When Andre Ferguson’s daughter Azara lost her hearing at the age of one, he naturally wanted the best for her. Since then, however, his determined efforts to fight for a better life for Azara have gone on to help over 150 deaf children, and to improve support services across south London.
Andre, 35, credits the Government’s Work Programme, which can offer support to unemployed budding entrepreneurs to set up their own businesses, for making it possible for him to launch Meaka Bears, an independent community-based charity which hosts group activities for deaf children, and provides vital advocacy services for parents of deaf children.
Although Andre was already battling to get support for his daughter, he said he faced another brick wall when he tried to set up the charity before he was referred to us on the Work Programme in Lewisham in south London.
“The most difficult bit was the stigma attached to being unemployed, young and black,” said Andre, who had given up work to devote his time to Azara, “People assume you must be into something else, especially if you dress well. Doors just closed and it was very stressful. I felt some people treated me as someone they thought was up to no good, rather than giving me the support I was asking for.”
But meeting Jacqueline Salazar, the enterprise coach at PeoplePlus in Lewisham, was like a breath of fresh air. It took three years to get there, but in Jacqueline I finally found someone who just listened. She took time to really understand what my vision was, and she completely got it.
“During that first meeting, she gave me advice about start ups and went out of her way to organise a meeting with a local business to talk of possibly getting funding for what I do. Although it didn’t work out, I thought that was really touching because she didn’t have to. The whole time she gave me constant information about business opportunities and pushed me to get out and do it.”
Andre’s story – and just how far he’s come since that fateful meeting – is inspiring.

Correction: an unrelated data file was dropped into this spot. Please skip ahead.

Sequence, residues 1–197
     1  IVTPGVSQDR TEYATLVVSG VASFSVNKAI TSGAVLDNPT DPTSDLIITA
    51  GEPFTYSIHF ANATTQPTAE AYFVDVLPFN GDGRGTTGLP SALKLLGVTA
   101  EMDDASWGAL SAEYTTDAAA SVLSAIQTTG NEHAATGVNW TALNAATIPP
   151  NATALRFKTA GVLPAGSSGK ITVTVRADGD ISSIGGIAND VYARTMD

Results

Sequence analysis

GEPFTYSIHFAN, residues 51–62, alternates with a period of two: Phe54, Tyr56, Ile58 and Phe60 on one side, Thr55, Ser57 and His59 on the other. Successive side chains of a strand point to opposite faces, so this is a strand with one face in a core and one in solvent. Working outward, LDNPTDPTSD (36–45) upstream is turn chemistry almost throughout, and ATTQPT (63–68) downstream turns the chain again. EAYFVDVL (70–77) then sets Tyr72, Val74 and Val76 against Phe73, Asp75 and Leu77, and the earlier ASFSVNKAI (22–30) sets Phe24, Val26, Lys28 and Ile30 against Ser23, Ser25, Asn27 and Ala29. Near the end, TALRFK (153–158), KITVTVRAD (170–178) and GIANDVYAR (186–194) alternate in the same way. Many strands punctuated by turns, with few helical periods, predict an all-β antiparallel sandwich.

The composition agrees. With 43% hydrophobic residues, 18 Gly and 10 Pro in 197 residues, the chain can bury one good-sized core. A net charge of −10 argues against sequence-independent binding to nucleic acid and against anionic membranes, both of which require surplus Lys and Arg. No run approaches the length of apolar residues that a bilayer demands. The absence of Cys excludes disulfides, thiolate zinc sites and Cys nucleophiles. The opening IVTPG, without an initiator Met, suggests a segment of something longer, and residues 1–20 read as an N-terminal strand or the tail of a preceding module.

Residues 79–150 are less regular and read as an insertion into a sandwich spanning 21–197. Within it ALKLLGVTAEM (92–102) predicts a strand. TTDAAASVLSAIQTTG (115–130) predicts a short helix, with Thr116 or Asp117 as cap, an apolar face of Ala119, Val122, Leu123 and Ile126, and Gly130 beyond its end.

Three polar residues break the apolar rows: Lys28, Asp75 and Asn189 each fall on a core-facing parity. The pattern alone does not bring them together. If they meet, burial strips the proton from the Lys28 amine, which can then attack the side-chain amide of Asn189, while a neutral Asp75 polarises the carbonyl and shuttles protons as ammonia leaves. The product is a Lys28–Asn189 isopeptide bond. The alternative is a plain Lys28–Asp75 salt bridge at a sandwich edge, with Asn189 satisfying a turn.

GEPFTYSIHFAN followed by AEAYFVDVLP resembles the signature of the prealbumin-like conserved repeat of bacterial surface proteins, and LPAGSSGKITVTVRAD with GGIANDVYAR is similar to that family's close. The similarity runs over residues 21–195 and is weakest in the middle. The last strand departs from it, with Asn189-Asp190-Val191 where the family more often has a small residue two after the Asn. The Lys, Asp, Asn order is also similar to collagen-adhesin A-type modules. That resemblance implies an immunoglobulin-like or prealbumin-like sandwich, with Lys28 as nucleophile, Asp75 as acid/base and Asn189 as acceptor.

Shocked at the lack of support available to parents of deaf children in the London borough where he lives, the dad of two refused to rest, not sleeping or eating for the first month, as he battled for his daughter.
He said: “When I first realised that Azara was losing her hearing, like a lot of people, I just didn’t know where to go to find out what I needed to do. I remember calling Kings College for a month and all I got was a recording about digital hearing aids that would take four years to get.
“Luckily, I was able to go private and Azara had her first hearing test at the Portland Hospital. It wasn’t until a year later that the NHS finally called up to give us an appointment and by then she’d already had a hearing aid fitted and was about to get an implant.”
Andre, of Southwark, said he faced similar issues when he tried to find groups that would allow Azara to participate in the same activities and experiences as other children and meet other deaf children.
“She’s extroverted and likes to sing and dance and there was nothing that catered to that,” he said, “That was my inspiration for setting up a company that catered to my child’s needs, to provide activities like performing arts, and swimming and football to give them confidence and social inclusion.”
Andre also went on to organise sign language classes to help deaf and non-deaf family members learn to communicate with each other and to provide recognised qualifications to professionals and key workers when he discovered that the nearest one would have meant extensive travel.
He said: “I know that had I not been pro-active in getting these things done, Azara would have been two or three years away from where she is now. She wouldn’t be in a mainstream school, where she is now, and she’s doing really well, top of her class. She went to specialist nursery and that really helped and she came out of nursery and she could speak. But all that was private and we had to pay out of our pockets.”
Andre’s latest venture is to raise more funds for Meaka Bears – named after his daughter’s nickname and a bear she carried throughout her surgery - through the launch of a clothing line, Deaf is Cool. It will sell branded T-shirts, sweatshirts and beanie hats.
Andre will be a special guest at the annual conference of the Employment Services Related Association (ERSA) in London this month (December), where he will describe his experiences to thousands of delegates from the employment and training sector. Conference attendee will also receive bags branded with the Deaf Is Cool logo, which Andre hopes will start to create a culture of support for the deaf community.
Andre added: “Thanks to Jacqueline and the help I found on the Work Programme, I have moved closer to creating the kind of company that is needed for deaf children and their families in south London.”